CBBC star and Positive Post Box Ambassador, Molly Rainford, spoke about the campaign:  


“I’m delighted to take part in a campaign like this and I wish when I was in school there was a project like this to spread positivity. Getting the chance to write my own letter was really rewarding, it’s been years since I wrote a letter but I will be definitely picking up a pen more often and getting creative. I think it’s really important that these campaigns exist to encourage children to speak up, write down their feelings and also show their creativity. I hope the Positive Post Box is going to help loads of children across the country.”  


Rhys Stephenson, presenter and The Diana Award ambassador spoke about the campaign:  


“I’m so proud to be taking part in such a positive project. As somebody who has spoken publicly about bullying before, I will also support initiatives that spread positivity and respect. I can’t wait to see all of the children reading and writing their letters.”  


Director of Advertising & Marketing at Nationwide Building Society, Paul Hibbs commented:  


“Working with The Diana Award to promote mutual respect to tackle bullying head on by spreading messages of hope and positivity is an honour. 


“The on-bullying stats are pretty scary, so anything we can do to combat the root of the problem is vital, and that’s what we hope to do with this partnership. We want to show children who may be suffering they’re not alone, too. At Nationwide, mutual respect has always been a core value to us, so we are incredibly proud to be able to drive such a positive message and promote equality, respect and inclusivity in society.”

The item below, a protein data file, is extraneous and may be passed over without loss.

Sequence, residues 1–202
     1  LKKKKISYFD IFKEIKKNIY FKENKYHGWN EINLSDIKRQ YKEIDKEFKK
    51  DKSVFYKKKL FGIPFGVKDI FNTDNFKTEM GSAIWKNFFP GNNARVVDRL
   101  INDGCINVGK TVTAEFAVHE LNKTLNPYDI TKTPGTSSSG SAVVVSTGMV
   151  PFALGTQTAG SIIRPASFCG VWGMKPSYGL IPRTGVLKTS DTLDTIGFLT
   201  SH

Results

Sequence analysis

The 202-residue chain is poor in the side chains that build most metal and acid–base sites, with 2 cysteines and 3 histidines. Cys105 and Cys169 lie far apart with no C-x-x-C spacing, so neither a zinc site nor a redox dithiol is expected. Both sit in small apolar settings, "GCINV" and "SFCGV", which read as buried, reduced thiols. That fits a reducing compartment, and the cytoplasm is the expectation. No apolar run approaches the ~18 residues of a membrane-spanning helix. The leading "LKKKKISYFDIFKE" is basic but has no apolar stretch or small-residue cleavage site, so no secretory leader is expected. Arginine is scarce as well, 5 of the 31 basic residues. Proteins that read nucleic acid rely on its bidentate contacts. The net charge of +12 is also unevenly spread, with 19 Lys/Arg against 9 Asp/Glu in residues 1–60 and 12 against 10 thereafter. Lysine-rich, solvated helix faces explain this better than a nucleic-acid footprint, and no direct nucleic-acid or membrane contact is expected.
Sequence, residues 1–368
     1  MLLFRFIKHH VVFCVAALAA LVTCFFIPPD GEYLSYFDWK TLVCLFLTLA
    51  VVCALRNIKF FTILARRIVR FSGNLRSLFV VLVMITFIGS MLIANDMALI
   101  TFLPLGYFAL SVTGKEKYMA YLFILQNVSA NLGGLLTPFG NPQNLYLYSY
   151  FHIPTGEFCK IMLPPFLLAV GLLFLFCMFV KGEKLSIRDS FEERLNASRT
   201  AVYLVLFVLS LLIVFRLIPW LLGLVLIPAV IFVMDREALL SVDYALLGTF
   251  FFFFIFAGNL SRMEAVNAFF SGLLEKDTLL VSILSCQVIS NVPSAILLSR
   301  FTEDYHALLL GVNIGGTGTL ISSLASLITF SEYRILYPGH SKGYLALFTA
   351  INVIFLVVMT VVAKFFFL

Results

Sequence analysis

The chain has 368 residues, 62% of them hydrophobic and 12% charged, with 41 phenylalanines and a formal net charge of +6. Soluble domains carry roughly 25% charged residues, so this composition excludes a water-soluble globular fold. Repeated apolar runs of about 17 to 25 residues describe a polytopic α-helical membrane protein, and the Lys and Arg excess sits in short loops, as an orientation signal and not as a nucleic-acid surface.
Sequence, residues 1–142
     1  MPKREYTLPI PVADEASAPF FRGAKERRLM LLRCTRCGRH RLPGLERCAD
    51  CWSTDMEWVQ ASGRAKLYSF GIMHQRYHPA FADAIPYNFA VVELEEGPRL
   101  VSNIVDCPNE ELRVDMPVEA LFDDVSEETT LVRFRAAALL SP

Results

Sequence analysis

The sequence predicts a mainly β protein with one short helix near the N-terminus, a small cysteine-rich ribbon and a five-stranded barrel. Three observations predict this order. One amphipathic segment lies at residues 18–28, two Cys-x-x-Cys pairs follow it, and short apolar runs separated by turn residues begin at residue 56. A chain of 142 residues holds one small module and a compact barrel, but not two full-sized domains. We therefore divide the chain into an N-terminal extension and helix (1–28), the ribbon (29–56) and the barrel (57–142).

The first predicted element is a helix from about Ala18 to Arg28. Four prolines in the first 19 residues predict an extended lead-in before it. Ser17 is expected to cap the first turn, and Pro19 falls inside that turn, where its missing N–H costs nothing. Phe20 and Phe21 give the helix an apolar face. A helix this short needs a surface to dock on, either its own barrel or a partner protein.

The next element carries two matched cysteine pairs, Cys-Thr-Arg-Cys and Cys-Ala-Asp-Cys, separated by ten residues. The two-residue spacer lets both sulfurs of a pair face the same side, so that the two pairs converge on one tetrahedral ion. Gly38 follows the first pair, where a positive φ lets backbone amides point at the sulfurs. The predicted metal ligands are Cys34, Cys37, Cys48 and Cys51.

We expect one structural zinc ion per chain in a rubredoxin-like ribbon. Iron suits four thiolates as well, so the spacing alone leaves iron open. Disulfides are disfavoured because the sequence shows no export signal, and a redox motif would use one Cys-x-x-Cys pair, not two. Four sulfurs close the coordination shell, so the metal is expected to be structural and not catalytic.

Deputy CEO of The Diana Awards, Alex Holmes added: “On the back of our annual Big Anti-Bullying Assembly with Nationwide Building Society we’re delighted to be part of this brand-new campaign which encourages kindness through the revival of letter writing. We’ve received an overwhelming response from the launch with over 120,000 children set to be involved across the whole of the UK. 


“Simple written messages of kindness can have a positive impact on both the sender and receiver. At The Diana Award we’re passionate about tackling bullying behaviour by empowering young people to make change. We’re looking forward to seeing young people across the county putting pen to paper and sending their messages when the post boxes start to be delivered on October 31st.” 


Alongside this campaign, Nationwide Building Society is working with The Diana Award to train an extra 10,000 Anti-Bullying Ambassadors in over 660 primary schools across the UK over the next three years. Through this initiative, school children can develop key skills around tackling bullying, celebrating difference and supporting their peers, online and offline.  


The find out more about the initiative and download your very own digital pack here: